As is customary with everything Google, if it exists, there must be more than one of it. Jokes aside, Google does seem very much interested in bringing up and maintaining not only Android and Chrome OS as viable and mainstream OS’s, but they’re also looking at bringing up yet another OS in the form of Fuchsia.
Fuchsia was last talked about in August 2016, but the OS was in its rudimentary form and just taking shape. Since then, Google has been hard at work, albeit discreetly, in giving more substance to the fledgling OS.
Fuchsia is the new open source OS from Google, one that does not utilize the Linux Kernel. Instead, Fuchsia uses a Google-developed microkernel called Magenta. The Magenta Kernel follows along an MIT-style license which allows for others to do whatever they want with the code (including modification, distribution and keeping said modifications private) as long as the original license is available somewhere in the derivative.
Magenta is the core platform that powers the Fuchsia OS. Magenta is composed of a microkernel (source in kernel/…) as well as a small set of userspace services, drivers, and libraries (source in system/…) necessary for the system to boot, talk to hardware, load userspace processes and run them, etc. Fuchsia builds a much larger OS on top of this foundation. Magenta targets modern phones and modern personal computers with fast processors, non-trivial amounts of ram with arbitrary peripherals doing open ended computation.
This is a definite change from GPL v2 followed along on Android’s Linux kernel, which placed an obligation on the modifier (usually OEMs) for open sourcing the code changes if they modify and distribute any part of the code. Depending on which side you’re standing on, one can argue the choice of license and the deviation from the Linux kernel is for better or for worse.
Other parts of the OS are licensed separately and often individually under BSD License 2.0, Apache 2.0 and MIT.
Ars Technica notes that the interface and apps on Fuchsia are written using Google’s Flutter SDK, a project capable of producing cross-platform code that can run on Android as well as iOS. Flutter apps are written in Dart, Google’s in-house Web development language which focuses on high-performance apps on mobile. Fuchsia also has a Vulkan-based graphics rendered called Escher, which Ars Technica mentions as seemingly custom-built to run Googles’s shadow-heavy Material Design UX.
As Fuchsia’s interface is written with the cross-platform Flutter SDK, it is possible to run parts of Fuchsia on an Android device. Hotfix.net brought to light how to build Armadillo, basically a demo app to showcase what the SystemUI of Fuchsia would look like. You can download the Fuchsia source code and compile Fuchsia’s SystemUI as an Android apk and install it on your device. In case you don’t want to go down that route, nor wait for someone to compile and distribute it, Hotfix.net was kind enough to include a demo video of the interface:
Since the SystemUI consists of a lot of placeholders for components that are in different stages of development, there isn’t much you can do with the SystemUI as of yet. The homescreen on Fuchsia in its current form consists of a vertically scrolling list, with an information widget in the middle which displays the date, your city and your profile picture. Above this widget is what appears to be Recent Apps and scrolling below this widget will bring up Google Now-like suggestions which are currently just placeholders. Tapping on the widget brings up a re-imagination of Android’s Quick Toggles to an extent.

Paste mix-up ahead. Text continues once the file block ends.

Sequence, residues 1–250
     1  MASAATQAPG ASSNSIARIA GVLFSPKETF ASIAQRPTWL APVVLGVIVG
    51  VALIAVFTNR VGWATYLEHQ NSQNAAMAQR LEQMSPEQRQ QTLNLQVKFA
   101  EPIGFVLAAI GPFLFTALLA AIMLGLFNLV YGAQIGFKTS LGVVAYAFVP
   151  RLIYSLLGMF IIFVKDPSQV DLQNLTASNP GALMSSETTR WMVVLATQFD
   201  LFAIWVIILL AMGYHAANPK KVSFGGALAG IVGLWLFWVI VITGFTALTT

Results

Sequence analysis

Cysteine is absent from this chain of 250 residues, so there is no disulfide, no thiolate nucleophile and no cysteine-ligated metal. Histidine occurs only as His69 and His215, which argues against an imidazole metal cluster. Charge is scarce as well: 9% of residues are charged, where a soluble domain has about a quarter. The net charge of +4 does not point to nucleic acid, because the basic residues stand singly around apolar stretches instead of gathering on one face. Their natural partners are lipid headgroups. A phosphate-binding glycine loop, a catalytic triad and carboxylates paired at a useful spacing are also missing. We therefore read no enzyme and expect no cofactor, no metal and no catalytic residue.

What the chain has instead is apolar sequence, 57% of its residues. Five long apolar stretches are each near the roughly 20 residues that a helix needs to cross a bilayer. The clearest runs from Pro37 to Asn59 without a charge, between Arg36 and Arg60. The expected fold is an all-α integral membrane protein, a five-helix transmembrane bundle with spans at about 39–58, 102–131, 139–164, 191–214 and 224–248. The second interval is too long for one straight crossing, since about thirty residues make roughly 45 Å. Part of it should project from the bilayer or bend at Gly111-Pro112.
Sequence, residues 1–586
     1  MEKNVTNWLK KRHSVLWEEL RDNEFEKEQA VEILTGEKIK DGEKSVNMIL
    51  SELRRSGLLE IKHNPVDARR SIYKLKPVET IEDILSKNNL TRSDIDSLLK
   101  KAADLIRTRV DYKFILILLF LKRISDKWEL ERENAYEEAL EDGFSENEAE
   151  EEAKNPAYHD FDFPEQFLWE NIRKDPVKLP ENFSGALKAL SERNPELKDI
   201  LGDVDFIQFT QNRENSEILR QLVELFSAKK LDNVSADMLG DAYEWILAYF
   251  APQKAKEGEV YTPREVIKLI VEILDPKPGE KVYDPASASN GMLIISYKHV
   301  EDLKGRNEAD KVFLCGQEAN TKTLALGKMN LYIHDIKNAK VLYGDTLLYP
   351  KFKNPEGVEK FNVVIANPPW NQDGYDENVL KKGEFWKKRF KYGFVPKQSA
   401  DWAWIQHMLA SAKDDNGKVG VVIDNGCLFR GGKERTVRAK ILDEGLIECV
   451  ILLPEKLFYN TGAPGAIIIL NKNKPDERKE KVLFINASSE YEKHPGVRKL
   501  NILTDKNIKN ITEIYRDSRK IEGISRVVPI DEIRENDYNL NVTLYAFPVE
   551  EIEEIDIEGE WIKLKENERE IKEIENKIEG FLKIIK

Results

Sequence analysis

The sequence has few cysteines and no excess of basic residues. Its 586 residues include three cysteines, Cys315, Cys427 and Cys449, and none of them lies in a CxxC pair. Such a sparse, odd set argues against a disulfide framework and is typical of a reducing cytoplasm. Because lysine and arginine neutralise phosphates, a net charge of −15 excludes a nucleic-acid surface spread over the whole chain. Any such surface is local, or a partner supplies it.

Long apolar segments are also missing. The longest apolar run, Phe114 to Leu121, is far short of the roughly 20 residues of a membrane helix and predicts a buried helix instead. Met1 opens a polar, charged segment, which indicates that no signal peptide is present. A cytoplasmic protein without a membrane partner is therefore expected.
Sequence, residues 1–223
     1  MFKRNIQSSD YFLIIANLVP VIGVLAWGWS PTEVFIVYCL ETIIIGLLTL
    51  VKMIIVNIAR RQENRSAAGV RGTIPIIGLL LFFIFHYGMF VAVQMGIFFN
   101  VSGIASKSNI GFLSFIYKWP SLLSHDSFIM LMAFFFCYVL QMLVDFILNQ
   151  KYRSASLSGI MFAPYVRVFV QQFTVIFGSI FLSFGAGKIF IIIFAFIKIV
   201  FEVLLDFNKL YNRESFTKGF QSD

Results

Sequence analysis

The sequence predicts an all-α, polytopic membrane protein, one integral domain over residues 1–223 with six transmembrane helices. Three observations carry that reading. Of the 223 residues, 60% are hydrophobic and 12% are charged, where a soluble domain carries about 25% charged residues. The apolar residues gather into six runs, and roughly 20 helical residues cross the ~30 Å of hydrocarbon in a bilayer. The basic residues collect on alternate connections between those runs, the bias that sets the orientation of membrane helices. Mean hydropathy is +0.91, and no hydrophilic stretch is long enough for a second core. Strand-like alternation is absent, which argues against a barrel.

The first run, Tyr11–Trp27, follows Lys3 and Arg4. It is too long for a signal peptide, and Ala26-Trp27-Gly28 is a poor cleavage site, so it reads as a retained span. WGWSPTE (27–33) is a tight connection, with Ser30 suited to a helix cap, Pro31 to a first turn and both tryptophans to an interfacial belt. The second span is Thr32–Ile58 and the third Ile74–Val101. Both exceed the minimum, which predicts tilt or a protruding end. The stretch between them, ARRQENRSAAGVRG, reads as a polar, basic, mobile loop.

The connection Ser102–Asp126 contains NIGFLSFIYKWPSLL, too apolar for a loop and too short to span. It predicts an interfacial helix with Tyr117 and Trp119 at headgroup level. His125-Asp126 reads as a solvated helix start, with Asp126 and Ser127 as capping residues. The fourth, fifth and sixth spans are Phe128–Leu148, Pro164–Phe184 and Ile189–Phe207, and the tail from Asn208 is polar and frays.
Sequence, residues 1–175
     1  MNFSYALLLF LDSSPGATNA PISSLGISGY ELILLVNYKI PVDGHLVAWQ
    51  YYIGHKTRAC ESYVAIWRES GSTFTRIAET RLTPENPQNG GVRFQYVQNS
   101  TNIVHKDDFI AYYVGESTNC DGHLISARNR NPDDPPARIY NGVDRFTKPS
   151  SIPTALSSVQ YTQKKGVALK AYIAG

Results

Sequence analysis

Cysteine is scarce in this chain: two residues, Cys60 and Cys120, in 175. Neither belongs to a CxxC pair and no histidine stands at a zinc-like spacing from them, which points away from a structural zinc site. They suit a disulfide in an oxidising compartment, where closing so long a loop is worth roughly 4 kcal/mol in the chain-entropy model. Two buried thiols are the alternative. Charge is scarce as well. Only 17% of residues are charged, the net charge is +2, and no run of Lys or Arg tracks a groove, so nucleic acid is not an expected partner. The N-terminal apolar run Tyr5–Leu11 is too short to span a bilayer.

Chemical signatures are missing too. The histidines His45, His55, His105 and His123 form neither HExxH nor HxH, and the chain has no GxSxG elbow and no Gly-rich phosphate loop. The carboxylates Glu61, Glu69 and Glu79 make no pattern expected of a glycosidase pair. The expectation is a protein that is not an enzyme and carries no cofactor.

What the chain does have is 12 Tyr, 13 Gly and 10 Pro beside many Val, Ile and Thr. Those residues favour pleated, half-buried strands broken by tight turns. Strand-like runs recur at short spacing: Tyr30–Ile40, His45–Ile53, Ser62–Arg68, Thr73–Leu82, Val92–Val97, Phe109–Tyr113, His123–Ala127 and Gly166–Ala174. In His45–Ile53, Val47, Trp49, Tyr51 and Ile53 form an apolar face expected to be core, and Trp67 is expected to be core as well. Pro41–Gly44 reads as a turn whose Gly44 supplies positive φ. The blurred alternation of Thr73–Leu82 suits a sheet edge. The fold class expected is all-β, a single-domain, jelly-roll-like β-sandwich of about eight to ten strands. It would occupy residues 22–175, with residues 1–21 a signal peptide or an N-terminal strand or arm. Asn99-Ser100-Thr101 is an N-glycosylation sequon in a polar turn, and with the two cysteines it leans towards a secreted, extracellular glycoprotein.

Armadillo UI also features multi-tasking features with better window management than seen on Android currently. There are a lot of ways you can arrange apps, including having four apps open at once or even resorting to a tabbed interface. The Armadillo UI also features Fuchsia’s keyboard with a new dark theme.
It is abundantly clear that Fuchsia as an OS is still very much in its early stages. One only needs to take a look at Android to realize how much effort goes into making an OS and refining it, which in turn will give you an estimate of how far Fuchsia as a ‘product for the public’ is in the future.
Since Google has also been quiet on the whole OS and its progress, it is further difficult to estimate what future this OS has, if at all it does in the first place. Ars Technica quotes Fuchsia Developer Travis Geiselbrecht as having said:
[Fuchsia] isn’t a toy thing, it’s not a 20% project, it’s not a dumping ground of a dead thing that we don’t care about anymore.
While the developer insists Fuchsia is more than just a temporary fling, Google’s (and Alphabet’s) fickle nature is well known, unfortunately.
Ars Technica speculates that the OS in its current state seems a lot like a new branch of Android, wherein Google is fixing a lot of its early and foundational mistakes and utilizing a lot of its experience that it acquired over the years building the world’s most popular smartphone OS. With Fuchsia, Google can successfully detach itself from the Linux kernel and from Java right from the ground-up — a task that would otherwise be very, very difficult in Android currently.
The future of Fuchsia is exciting. This just might be the next big thing, and you can experience it before it becomes the next big thing. For instructions on how to build Fuchsia’s Armadillo UI to try it out on Android, follow along Hotfix.net‘s brief guide. You can also check out Fuchsia’s source code over at Github or GoogleSource.
What are your thoughts on Fuchsia and its Armadillo UI? What do you think the future holds for Fuchsia, Android and Chrome OS? Let us know your thoughts in the comments below!